Oddly enough, this post was inspired by Ted Nugent. I read a quote attributed to the motor city madman, supposedly published on Nugent’s website, about Jerry that struck a nerve in me:
“Jerry Garcia was a souless fat uncaring hippie sack-o-shit who thought gettin stoned was a better choice than takin care of his God given gifts to be around for his family & children. whatta punk. & his guitar slop was the perfect soundtrack to his cheapness.”
Since Jerry’s death I’ve read a number of comments from Ted in guitar magazines and online forums to know that this seems to be the general drift of Nugent’s published thoughts on Garcia. I once read a quote in a guitar magazine where he dismissed Jerry’s guitar work by saying: “He can’t even play.”. So, I’m not too concerned about if that quote is accurate or not, it fits into a pattern that has been consistent for 15 years or so.
I’m always bothered by people who attack those who are no longer around to defend themselves, I find the practice particularly cowardly, if not loathsome.
I decided to post a Ted Nugent Is a Jerk entry and was happily at work on it when my wife came home from the gym, and asked what I was doing. When I told her what I was up to, she told me that she thought that wasn’t a very good idea. It was mean spirited, juvenile, and like a couple of boys meeting behind the school to have a fist fight, and I shouldn’t post stuff like that on my blog. I also decided that Jerry probably wouldn’t like it, either. She was right. So I told her I’d post a bunch of positive stuff about Jerry, instead. Hence the tile of this post.
But I do have the Nugent monkey that I need to get off my back, so, here’s a link where someone else has had enough of Ted’s BS and points out a few things about Ted:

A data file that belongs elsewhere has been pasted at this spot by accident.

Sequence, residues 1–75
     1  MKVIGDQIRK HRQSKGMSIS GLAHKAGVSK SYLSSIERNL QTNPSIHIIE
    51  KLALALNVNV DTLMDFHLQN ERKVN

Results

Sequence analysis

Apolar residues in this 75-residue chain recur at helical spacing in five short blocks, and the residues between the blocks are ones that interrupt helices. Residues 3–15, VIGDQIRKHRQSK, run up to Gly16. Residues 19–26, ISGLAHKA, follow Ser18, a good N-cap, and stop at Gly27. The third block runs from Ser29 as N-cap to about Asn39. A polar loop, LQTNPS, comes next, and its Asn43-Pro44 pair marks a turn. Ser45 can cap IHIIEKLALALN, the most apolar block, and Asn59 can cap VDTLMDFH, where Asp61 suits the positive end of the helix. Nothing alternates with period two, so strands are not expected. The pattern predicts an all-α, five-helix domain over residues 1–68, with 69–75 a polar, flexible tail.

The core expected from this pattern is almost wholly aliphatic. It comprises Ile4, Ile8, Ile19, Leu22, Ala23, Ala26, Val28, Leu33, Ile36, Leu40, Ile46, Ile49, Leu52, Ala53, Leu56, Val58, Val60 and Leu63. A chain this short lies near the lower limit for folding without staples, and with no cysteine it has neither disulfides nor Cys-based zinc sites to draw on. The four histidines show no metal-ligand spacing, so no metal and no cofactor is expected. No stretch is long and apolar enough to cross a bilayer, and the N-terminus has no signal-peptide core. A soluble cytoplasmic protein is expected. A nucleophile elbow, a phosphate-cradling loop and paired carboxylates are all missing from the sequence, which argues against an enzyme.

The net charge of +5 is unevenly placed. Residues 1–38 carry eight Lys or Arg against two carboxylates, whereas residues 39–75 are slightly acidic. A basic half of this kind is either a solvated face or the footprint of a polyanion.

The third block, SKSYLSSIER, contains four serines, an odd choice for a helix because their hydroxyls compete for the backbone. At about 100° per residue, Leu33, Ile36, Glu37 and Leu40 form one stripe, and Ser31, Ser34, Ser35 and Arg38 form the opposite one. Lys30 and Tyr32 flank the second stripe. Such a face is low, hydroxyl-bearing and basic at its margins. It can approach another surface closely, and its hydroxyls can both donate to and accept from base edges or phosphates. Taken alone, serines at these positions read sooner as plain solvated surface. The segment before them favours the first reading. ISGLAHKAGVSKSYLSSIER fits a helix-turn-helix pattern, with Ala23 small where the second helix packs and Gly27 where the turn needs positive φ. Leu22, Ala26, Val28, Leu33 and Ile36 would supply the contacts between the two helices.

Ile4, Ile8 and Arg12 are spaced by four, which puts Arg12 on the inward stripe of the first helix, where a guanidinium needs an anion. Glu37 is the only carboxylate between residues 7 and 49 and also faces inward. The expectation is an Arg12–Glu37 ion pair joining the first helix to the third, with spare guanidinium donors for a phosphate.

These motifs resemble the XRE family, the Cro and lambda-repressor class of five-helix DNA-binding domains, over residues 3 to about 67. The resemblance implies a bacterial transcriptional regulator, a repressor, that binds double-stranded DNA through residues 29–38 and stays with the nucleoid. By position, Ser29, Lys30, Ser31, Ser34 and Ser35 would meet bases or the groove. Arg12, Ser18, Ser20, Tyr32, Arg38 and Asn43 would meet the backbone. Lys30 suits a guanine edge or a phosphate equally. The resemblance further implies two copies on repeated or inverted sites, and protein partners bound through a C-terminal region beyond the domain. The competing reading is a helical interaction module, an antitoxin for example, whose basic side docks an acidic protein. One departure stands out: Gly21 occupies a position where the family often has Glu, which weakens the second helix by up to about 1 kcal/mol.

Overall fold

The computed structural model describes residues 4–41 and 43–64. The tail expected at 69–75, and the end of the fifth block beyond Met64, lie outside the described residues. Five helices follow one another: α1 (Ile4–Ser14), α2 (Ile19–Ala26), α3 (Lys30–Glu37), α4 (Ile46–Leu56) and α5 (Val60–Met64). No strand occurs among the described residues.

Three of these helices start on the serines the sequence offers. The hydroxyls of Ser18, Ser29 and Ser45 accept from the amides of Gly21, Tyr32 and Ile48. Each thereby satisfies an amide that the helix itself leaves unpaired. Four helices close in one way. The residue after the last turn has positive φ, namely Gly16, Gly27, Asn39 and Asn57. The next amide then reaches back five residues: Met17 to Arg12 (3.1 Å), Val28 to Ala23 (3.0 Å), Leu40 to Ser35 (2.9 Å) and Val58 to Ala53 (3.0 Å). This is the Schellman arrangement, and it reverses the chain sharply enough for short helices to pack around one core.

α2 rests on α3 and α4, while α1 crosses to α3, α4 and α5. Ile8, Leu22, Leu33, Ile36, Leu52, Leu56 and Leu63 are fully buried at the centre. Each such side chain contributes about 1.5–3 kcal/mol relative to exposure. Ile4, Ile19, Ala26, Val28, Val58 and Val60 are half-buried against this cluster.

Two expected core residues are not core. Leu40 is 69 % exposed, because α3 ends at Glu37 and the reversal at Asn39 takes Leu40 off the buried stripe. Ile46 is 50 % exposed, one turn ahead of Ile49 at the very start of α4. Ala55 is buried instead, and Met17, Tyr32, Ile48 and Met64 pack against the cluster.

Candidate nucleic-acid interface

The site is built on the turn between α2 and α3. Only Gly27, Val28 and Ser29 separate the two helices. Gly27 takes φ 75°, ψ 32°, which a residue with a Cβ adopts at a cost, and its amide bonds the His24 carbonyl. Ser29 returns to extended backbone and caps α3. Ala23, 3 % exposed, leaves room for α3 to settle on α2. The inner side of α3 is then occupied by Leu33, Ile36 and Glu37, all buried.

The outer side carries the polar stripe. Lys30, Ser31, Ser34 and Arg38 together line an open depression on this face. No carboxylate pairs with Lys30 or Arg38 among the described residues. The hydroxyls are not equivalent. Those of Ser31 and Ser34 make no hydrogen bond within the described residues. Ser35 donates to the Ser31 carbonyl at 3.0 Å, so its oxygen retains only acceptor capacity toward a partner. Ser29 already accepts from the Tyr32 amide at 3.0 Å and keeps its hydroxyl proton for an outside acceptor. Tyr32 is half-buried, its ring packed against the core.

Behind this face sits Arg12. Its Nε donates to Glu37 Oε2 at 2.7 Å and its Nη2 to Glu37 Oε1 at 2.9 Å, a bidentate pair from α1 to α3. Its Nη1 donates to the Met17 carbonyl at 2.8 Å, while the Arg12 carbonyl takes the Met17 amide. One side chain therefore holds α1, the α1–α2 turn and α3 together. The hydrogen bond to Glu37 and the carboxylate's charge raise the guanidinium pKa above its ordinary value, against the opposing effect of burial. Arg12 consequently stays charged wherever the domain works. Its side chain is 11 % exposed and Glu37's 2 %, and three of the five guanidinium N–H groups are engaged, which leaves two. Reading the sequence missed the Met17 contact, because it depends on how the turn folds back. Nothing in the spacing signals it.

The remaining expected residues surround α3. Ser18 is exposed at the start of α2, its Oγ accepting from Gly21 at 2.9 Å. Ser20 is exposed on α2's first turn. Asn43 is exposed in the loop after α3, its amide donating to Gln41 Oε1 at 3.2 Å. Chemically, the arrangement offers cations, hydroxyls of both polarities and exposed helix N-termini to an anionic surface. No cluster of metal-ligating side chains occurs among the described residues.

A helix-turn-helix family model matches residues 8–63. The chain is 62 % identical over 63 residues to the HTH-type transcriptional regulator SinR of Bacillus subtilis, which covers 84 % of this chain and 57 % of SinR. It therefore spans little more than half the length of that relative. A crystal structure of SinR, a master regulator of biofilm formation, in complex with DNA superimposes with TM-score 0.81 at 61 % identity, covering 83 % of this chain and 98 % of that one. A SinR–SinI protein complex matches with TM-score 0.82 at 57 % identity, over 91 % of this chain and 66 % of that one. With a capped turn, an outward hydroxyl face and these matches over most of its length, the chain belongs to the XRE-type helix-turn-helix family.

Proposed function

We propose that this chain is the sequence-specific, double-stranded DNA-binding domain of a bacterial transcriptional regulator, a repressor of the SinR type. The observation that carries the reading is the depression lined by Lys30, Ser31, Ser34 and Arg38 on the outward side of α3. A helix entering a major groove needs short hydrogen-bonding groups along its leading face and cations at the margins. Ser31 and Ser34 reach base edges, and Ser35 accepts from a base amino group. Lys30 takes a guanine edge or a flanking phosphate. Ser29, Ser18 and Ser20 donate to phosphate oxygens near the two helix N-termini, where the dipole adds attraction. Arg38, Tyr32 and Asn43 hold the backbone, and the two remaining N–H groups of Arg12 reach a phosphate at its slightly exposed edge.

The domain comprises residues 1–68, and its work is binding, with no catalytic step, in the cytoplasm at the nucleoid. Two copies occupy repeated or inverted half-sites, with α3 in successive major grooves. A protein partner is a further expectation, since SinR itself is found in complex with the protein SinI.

http://www.addictinginfo.org/2011/12/20/ted-nugent-calls-for-punishing-the-poor-claims-they-make-poor-decisions-to-end-up-in-poverty/ (Be sure to read the part about Ted’s draft dodging.)
OK, now that I’ve got that little detail out of the way.
Photo by DOUG IRWIN
I wasn’t a Jerry Garcia fan prior to 1970. I didn’t understand the whole endless jamming thing and their music really left me cold. I couldn’t understand why anyone would want to go see them live, and when virtually my entire circle of friends went to see the dead at Oregon State University in 1969, I stayed home.
In the fall of 1970, I was visiting some friends in Eugene Oregon, when my friend Fred Shipley put the first “Live Dead” record on the turntable while we were waiting for the stuff we’d ingested to take hold. The Pig Pen show stopper “Turn On Your Love Light” started playing at about the point where I was starting to feel the effects and when it got to the point where Garcia was playing the horn parts on his guitar and launched off into an improvisation: he carried me along with him. I was amazed.
I know this fits into the cliches about the Dead, but unlike many psychedelic revelations, I still liked the tune when in more normal states. I was never a hard core deadhead, but I did see Garcia a couple of times with the Dead and once with Howard Wales at the Keystone in Berkeley.
My favorite Dead records were American Beauty and Workingman’s Dead. Those recordings were very song oriented and featured a lot of subtle and understated acoustic guitar work of the ensemble variety by both Weir and Garcia. No blazing solos or long improvisational jams. I think they still hold up well and you certainly don’t have to be high to enjoy them. I’ve learned a lot of thee tunes off of those records over the years.